In the ‘Arab Spring’ these tensions flowed into the streets of Jordan’s towns and cities. Along with the relatively restrained protests by the Muslim Brotherhood and their body of mainly Palestinian supporters, there were many demonstrations, far less restrained, by the tribal younger generation. In their demonstrations, during and after the ‘Arab Spring,’ slogans were often provocative in the extreme. They chanted against the king and the queen, accusing them of corruption, calling not only for reform but, at times, even for the ouster of the monarchy.
During the ‘Arab Spring’ numerous protest movements were established by the younger generation of tribesmen that came to be generally known as the Hirak (movement). This was a popular movement the likes of which had never been seen before in Jordan: spontaneous organisations of young tribesmen, throughout the kingdom, with no clear structure or organisational connection, representing wide scale disaffection amongst the ‘angry tribes’ against the regime.
The new opposition had its limitations too. The Hirak represented the grievances of the younger generation of tribesmen whose future was most uncertain, in comparison to the majority of the tribal elders who remained loyal to the regime, as did most of the tribesmen. When Hirak activists were apprehended by the security services, who were tribesmen just like them, they were not let off lightly. On the contrary they were often given especially harsh treatment for having damaged the tribes’ reputation. Needless to say, not all tribesmen took part in the protests, as many of them employed in the government (the ‘haves’) did not necessarily identify with the demonstrators (the ‘have nots.’)
The Hirak had no united leadership, nor any well-devised platform, or alternative to the Hashemite monarchy. The Hirak protests called for democratic reforms, which could have been a double-edged sword. A real democratic process could have brought the Muslim Brotherhood or the Palestinian majority (55-60 per cent) or a combination of both, to power, hardly the objective of the tribes. Moreover, most Jordanians were afraid to rock the boat. Jordan, relatively speaking, was an island of stability in a turbulent neighbourhood. The general public was horrified by the bloodshed in Syria and Iraq and they dreaded a repetition in their own backyard of the breakdown elsewhere. The opposition, accordingly, tended to act with a measure of caution and restraint.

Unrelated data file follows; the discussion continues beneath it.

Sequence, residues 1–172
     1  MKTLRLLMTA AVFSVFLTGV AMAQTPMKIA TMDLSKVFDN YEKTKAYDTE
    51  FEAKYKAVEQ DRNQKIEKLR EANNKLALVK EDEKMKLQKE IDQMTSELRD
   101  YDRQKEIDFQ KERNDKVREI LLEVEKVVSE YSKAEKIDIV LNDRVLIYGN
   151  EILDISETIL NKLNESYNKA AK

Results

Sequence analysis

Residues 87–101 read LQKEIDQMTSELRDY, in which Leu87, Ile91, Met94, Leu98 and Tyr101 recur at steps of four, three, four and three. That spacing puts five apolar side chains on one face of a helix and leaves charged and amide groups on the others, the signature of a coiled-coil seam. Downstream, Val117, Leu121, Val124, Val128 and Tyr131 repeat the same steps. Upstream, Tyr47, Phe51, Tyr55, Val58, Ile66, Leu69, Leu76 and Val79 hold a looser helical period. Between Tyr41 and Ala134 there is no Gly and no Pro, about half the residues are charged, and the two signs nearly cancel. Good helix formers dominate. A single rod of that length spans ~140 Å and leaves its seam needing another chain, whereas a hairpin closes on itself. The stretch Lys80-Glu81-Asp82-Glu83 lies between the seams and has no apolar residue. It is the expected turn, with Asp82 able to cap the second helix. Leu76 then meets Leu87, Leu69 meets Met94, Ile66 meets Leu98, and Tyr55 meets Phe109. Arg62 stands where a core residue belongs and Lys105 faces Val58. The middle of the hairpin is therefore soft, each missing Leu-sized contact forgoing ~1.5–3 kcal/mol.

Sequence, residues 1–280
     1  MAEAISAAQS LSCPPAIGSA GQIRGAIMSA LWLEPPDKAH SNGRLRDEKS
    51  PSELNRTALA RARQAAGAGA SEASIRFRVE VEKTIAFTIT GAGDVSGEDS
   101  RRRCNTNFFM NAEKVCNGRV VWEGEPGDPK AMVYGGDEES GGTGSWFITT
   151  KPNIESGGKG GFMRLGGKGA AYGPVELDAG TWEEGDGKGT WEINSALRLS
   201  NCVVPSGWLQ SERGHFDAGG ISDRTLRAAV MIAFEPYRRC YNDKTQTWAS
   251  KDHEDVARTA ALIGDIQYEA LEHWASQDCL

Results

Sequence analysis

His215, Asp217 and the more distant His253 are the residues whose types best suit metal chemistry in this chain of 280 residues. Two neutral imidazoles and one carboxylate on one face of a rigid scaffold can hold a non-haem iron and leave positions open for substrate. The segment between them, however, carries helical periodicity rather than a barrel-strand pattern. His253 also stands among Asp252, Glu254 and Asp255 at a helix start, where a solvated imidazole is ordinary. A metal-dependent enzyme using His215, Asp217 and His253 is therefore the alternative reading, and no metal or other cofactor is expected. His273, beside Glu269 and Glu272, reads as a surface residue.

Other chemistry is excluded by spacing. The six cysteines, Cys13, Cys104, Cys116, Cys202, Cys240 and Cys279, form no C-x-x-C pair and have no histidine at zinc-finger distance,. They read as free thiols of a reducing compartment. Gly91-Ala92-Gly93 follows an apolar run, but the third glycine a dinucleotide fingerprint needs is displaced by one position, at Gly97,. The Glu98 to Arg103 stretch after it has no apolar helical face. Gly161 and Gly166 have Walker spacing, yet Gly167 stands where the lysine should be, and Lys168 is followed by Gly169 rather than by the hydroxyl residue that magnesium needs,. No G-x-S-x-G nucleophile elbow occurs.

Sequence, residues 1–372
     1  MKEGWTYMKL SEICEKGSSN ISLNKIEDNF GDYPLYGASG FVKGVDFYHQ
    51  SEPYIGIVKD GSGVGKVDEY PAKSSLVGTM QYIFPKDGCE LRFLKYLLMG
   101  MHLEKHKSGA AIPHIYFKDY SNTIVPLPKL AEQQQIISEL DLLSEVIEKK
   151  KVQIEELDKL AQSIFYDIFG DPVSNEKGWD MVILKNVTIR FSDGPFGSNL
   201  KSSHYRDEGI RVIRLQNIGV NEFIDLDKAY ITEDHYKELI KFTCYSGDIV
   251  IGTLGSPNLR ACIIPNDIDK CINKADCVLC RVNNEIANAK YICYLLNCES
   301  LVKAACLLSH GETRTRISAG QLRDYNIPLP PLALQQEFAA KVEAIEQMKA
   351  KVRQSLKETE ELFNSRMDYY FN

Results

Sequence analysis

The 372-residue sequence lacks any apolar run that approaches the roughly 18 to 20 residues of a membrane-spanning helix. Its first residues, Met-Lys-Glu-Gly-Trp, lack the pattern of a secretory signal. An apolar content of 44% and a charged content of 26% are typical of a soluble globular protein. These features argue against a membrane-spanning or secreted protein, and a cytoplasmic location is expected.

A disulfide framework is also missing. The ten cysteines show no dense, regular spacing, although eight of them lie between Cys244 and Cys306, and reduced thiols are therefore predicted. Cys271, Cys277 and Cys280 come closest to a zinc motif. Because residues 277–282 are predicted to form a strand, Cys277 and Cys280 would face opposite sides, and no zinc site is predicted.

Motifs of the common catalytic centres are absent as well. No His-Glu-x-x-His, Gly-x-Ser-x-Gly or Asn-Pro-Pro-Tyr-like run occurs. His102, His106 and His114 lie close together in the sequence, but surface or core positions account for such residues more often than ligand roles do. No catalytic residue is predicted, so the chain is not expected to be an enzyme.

Searching for a New Social Contract
Yet in the face of a rapidly growing population, the old social contract – that had promised stability and state services, like health and education, economic security, employment and food subsidies, in exchange for the acceptance of an essentially authoritarian regime – was no longer feasible. Jordan, like other Arab states was in urgent need of a new social contract, but there was none immediately available, nor anywhere in sight. Since the ‘Arab Spring’ an atmosphere of disquiet has prevailed, as the country seemed to be muddling through from one crisis to the next.
The civil war in Syria drove hundreds of thousands of Syrians to seek refuge in Jordan. Joining hundreds of thousands of Iraqis from a decade earlier they imposed a heavy burden on an already struggling economy and on the kingdom’s infrastructure. In early 2014, a prolonged protest that went on intermittently for a few years, began against Jordan’s gas agreement with Israel. In the summer of 2018, the country shook again with popular protest, this time against a new income tax.